As a testament to the state’s free market sensibilities, Texas leads the country in wind energy production in addition to fossil fuels.
The Ten Across state of Louisiana straddles the line between California and Texas, having approved its first ever climate action plan by a task force created by the governor. While the plan is not final or enforceable, it outlines recommendations to achieve net-zero emissions by 2050.
The energy landscape
Electricity production accounts for about one fourth of greenhouse gas emissions in the U.S. according to the EPA. Coal-fired power plants are the dirtiest way to make electricity.
Coal power production has been on the decline for years for a variety of reasons that can be explained through market forces. In fact, even though the Clean Power Plan never took effect, emissions at coal-fired power plants did start to reduce, and there’s been a slow but steady reduction in U.S. emissions. For context, China is the biggest emitter of greenhouse gasses in the world, followed by the U.S, the European Union, and India.
There are 38 coal fired power plants sprinkled throughout the Ten Across geographic region. Fifteen of them are in Texas, while Florida has nine and California has one operating coal-fired power plant.
Coal-fired power plants are slowly phasing out across the country. In Arizona, the Navajo Generating Station near Page, for example, closed in late 2019 and the Cholla Power Plant, also in Arizona, is set to completely close in 2025.
All of this happened despite the Clean Power Plan never taking effect.
What the future could hold
With no legislative leadership from Congress yet to address climate change, states such as California and Texas will continue to lead on emissions reductions whether through state policy or market forces.
But those efforts will only go so far. Federal action is needed. That’s a point driven home by Houston Mayor Sylvester Turner, who chairs Climate Mayors, a bipartisan network of hundreds of U.S. mayors committed to leading on climate action. In a prepared statement, he acknowledged President Biden’s actions Wednesday which include $2.3 billion to help communities prepare for heat waves, wildfires, hurricanes and other extreme disasters.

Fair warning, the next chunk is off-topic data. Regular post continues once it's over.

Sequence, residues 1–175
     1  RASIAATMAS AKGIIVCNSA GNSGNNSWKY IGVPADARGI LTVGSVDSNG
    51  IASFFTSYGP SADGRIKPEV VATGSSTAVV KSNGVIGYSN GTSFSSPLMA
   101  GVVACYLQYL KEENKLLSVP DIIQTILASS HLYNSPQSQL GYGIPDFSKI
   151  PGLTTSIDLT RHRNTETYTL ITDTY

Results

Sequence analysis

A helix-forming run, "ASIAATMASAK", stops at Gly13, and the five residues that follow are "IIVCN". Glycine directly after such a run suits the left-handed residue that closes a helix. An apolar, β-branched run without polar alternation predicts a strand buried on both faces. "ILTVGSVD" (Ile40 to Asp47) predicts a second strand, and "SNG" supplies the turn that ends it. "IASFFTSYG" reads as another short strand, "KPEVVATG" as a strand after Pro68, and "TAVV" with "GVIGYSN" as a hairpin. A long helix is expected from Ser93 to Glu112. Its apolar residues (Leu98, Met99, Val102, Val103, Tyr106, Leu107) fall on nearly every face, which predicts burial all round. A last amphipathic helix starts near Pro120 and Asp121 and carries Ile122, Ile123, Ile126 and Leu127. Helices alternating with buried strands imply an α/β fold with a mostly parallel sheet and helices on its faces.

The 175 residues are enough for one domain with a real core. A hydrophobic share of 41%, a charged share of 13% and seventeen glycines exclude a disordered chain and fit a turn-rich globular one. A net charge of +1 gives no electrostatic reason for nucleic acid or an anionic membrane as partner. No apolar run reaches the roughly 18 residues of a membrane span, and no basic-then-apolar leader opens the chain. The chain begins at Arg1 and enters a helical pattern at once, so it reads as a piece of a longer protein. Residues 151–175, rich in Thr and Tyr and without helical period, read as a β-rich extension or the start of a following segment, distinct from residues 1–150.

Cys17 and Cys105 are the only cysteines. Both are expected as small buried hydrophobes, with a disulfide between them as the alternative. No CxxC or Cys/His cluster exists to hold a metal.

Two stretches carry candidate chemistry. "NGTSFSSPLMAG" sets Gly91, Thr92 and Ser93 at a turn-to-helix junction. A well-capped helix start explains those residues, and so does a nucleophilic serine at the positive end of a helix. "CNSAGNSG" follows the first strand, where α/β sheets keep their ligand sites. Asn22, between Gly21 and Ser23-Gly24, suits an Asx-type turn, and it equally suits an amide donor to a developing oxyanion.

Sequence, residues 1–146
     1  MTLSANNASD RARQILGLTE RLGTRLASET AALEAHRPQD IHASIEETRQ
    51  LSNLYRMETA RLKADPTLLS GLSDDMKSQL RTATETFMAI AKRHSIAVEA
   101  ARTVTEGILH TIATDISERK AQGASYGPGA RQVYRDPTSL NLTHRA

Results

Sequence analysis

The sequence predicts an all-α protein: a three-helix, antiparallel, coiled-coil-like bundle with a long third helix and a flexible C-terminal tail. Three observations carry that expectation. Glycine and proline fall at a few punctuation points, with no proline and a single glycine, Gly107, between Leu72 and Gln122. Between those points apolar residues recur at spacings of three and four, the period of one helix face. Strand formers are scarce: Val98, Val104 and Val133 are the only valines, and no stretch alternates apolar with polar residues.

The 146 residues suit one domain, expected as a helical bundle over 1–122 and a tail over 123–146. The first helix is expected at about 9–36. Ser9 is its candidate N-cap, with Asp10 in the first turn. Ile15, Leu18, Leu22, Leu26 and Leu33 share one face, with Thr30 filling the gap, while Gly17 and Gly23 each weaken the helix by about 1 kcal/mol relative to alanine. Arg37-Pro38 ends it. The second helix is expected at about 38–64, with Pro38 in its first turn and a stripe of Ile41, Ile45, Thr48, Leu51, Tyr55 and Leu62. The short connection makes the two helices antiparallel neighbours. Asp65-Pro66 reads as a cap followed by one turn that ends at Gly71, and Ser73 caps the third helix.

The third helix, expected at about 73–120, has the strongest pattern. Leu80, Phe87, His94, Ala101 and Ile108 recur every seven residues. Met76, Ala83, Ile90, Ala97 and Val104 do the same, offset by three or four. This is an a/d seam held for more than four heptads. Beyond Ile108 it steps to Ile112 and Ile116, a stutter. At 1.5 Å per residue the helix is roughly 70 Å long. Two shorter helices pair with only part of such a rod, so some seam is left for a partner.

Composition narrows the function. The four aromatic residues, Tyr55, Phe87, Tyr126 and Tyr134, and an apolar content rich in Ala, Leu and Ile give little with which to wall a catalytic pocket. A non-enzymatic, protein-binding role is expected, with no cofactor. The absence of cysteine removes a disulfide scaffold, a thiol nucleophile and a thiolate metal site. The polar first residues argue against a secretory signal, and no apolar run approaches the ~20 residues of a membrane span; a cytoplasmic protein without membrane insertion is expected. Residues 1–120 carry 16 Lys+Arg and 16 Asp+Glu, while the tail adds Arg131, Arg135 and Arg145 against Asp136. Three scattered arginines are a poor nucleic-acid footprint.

“While the Senate delays critical federal climate legislation, frontline and other overburdened communities continue to have their lives, livelihoods, and homes threatened by climate impacts,” wrote Turner in a released statement Wednesday. “As the responsibility to deliver results is once again passed to cities, states, businesses, and non-federal institutions, we know that is not enough—bold, federal action is essential to meet our climate targets and mitigate the worst climate impacts.”
Therein lies the challenge—climate change is the ultimate collective action problem—and until Congress passes climate legislation, the states and cities of the Ten Across region will be at the forefront of future conversation and action in reducing greenhouse gas emissions.
About Ten Across
The Ten Across initiative examines the future of the U.S. through the lens of the Interstate 10 corridor—from Los Angeles to Jacksonville. This region is on the front lines of the most important issues facing us today, from the most extreme impacts of climate change to questions of governance, equity, growth and risk.